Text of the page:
co-presidency, but it has butone SIecial To The Daily
purpose and commands with only HOWELL-Reports of vicious
one voice." infighting and possible violence
The 10-day old strike was called among Democrats of Livingston
in protest of government banish- County, the county immediately
ment into exile of the tin miners' north of Washtenaw County, were
leader, Juan Lechin, a former "ice- heard by Visiting Circuit Court
president of Bolivia. After rioting Judge Leo Bebau yesterday.
in La Paz, the junta sent 17 more The charges came out during a
labor leaders into exile in Para- lawsuit by one of the party's fac-
guay.t
Barrientos, in the midst of the tn
strike, said, "This is unfortunately The lawsuit-brought by a group
no longer a general strike or state led by Martin Levean of Brighton,
of subversion but a state of civil a long-time former Livingston
war, which is what the extremist County Democratic chairman, and
leaders wanted." his son, Brian-would unseat Ed-

TO VISIT JOHNSON:.
Erhard To Campaign

ward Rettinger, whom the state The Rettinger attorney, Thomas Bator as indicated on the petition.
Democrats recognize as the pres- Downs, then: -Declared Ellis had gone "be-
ent county chairman. I -Entered evidence charging El- hind the face of the petition" in
Today's Hearings lis "did not display equal diligence striking down several Rettinger
Judge Bebau indicated that to- and scrutiny" in examining each candidates' petitions for having
iay's hearings will be "the end of faction's petitions. Goo many invalid signatures, but
the trial-I hope." He said he -Said Ellis ruled 65 Rettinger had refused to do so when similar
wants to rule on the case this petitions which had been filed on zomplaints were raised about the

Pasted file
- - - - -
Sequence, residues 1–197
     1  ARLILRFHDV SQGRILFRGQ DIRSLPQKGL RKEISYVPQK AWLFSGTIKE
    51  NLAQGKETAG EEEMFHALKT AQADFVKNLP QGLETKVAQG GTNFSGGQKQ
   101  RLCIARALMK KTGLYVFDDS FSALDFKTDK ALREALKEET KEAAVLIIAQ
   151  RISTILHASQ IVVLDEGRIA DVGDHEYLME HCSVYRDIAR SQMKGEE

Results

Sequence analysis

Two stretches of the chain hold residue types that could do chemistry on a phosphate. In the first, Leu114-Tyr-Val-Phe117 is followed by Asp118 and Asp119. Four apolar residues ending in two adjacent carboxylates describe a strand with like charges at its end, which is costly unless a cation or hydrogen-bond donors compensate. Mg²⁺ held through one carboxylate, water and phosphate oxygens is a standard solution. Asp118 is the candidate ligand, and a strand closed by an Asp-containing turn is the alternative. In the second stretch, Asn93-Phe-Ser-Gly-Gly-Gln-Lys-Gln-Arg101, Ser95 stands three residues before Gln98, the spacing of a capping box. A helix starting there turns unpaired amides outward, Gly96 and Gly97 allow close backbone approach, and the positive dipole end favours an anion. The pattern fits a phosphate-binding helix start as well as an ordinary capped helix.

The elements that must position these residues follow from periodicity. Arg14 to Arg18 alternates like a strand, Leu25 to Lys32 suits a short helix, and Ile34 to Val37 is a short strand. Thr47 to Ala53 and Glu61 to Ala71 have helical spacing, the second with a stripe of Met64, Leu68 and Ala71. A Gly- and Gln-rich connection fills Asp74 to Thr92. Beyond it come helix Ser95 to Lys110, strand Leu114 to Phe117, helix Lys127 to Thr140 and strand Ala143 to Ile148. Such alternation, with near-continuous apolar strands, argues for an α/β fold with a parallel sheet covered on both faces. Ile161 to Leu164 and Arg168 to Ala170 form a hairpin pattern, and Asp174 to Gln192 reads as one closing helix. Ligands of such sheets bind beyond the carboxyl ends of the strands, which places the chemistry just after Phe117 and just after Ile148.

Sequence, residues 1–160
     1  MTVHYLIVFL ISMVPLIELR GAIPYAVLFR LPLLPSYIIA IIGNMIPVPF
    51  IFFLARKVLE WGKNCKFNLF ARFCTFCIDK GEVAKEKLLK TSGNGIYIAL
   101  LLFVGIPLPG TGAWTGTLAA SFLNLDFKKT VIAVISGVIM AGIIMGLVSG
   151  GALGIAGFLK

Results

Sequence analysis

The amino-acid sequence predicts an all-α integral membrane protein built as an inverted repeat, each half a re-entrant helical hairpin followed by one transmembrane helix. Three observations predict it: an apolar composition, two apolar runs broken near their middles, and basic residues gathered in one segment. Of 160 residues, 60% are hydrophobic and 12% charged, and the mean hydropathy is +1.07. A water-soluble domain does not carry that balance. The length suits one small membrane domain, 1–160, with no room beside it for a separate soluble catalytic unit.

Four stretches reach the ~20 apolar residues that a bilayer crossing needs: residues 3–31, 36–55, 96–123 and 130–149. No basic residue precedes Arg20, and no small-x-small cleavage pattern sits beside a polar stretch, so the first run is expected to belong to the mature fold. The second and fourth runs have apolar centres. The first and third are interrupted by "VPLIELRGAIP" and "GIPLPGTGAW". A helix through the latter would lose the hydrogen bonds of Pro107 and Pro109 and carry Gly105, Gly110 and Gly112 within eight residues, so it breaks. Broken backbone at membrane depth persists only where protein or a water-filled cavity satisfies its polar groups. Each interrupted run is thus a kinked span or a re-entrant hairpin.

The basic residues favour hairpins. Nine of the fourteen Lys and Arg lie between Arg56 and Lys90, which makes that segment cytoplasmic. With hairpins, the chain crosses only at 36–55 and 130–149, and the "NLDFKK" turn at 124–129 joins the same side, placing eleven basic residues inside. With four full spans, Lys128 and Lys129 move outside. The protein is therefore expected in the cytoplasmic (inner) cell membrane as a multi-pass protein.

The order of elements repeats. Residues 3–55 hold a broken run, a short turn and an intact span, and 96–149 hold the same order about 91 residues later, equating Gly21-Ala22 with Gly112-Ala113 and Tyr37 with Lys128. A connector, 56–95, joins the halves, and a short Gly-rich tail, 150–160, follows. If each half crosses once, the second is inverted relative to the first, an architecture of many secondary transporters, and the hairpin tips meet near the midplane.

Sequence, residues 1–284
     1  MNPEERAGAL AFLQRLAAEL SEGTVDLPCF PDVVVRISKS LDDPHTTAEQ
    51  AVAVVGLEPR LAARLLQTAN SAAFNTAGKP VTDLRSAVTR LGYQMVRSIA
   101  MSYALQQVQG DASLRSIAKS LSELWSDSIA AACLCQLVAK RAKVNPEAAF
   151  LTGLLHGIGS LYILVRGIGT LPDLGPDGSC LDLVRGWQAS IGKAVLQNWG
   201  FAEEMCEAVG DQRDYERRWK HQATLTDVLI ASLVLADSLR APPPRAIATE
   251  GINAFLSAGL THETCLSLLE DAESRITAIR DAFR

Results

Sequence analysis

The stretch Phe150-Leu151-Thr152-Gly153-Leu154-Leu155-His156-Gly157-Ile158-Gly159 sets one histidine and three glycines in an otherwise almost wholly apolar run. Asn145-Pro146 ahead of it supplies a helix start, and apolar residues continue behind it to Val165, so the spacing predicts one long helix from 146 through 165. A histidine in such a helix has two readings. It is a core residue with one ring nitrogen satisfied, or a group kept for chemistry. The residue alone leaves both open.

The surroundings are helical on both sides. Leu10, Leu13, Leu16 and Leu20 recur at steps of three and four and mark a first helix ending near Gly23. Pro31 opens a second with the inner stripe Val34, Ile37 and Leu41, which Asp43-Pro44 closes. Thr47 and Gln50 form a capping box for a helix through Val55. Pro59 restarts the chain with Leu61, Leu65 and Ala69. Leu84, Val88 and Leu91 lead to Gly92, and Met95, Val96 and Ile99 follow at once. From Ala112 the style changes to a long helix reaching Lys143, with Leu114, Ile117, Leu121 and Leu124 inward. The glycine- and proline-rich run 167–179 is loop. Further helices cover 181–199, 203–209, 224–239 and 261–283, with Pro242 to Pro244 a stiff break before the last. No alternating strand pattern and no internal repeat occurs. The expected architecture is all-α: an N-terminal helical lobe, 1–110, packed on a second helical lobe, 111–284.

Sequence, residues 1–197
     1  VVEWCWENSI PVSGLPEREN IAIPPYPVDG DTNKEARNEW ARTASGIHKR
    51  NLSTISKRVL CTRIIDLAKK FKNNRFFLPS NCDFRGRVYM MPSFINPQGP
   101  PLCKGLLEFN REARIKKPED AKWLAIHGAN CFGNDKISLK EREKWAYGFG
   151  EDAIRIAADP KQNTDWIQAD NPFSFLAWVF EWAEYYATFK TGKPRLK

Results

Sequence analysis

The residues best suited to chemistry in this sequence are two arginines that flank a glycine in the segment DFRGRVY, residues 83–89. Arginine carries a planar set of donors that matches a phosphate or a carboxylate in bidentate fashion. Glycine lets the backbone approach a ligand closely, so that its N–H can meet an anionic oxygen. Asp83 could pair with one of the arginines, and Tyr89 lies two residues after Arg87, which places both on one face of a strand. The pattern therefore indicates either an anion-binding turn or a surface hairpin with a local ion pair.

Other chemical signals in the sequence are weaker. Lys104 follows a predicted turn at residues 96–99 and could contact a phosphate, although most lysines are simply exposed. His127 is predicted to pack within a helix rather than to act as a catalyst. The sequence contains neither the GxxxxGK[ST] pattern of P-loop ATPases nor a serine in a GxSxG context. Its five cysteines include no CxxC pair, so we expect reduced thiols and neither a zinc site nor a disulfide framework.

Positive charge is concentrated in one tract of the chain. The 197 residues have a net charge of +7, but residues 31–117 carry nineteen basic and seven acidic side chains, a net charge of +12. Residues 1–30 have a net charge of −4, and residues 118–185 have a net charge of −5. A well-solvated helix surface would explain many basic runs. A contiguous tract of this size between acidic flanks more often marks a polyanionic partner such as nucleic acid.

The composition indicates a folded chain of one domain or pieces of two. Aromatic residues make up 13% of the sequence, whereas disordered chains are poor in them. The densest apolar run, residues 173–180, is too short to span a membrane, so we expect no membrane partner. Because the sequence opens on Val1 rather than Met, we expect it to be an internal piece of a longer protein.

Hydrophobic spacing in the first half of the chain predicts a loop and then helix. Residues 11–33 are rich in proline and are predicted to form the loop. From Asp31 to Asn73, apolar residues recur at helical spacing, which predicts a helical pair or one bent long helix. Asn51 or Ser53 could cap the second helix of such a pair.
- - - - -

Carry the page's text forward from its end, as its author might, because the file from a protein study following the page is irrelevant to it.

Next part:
afternoon. May 26, 1964, as invalid because notarization and or signatures of
Rettinger, who unseated Levean they had been filed early, although circulators on Levean petitions.
in 1962, was challenged for the a May 22 directive from state Primary Election
.ounty chairmanship by young Le- Elections Director Robert Mont- In the primary election after
vean in 1964 in the primary elec- gomery indicated that the date the filing, the Leveanites won 84
tion Sept. 1, which picked dele- was valid. delegate seats and the Rettinger
gates to the Democratic county -Questioned Raymond Mann- forces 26 in the 110 member con-
convention and half of the coun- leim, who said a petition nomi- vention. As a result of Ellis' rut-
ty's Executive Committee in the nating him had been circulated ings and several complaints the
person of its nominees for county without his name at the top by Leveans had 107 candidates on
offices. Both sides ran slates. Martin Levean and not by Claude the ballot to the Rettinger forces'
forty-three.
Stanley Beattie contended that
these issues were "irrevelant" to
j the case, repeatedly asking Bebau
to strike Downs' charges from the
record and added that Downs, in
claiming a "pattern of action"
that had deprived Rettinger's
forces of their rights had not
given a single instance of specifi-
to see if there is any offer worth making to keep De Gaulle in the cation that would indicate my
Alliance. clients are involved."
Preliminary exploration may start at next week's meeting. John- Bebau over-ruled Beattie's ob-
son and Erhard will want to assess the danger of De Gaulle's pulling jection but added twice during the
out, what can be done to prevent it. trial that he felt Downs' attempt
Erhard and Johnson are bound to discuss how to create an at demonstration of a "pattern of
Atlantic force that would give West Germans some voice for the first action" was "kind of weak."
time, in the use of nuclear weapons. Accepted Recommendation
Erhard has spent most of his 69 years wrestling with economic When Rettinger accepted the
Droblems and he has huilt a venutation a the father of West German I recommendation and then began

By CARL HARTMAN
Associated Press Staff Writer
BONN - With a crucial election less than four months off.
Chancellor Ludwig Erhard of West Germany will be riding hard on
the campaign trail when he sees President Lyndon B. Johnson next
week.
He is due in New York Monday to collect an honorary degree
from Columbia University.
It is a.fair bet that one of the things uppermost in his mind will

mofommm n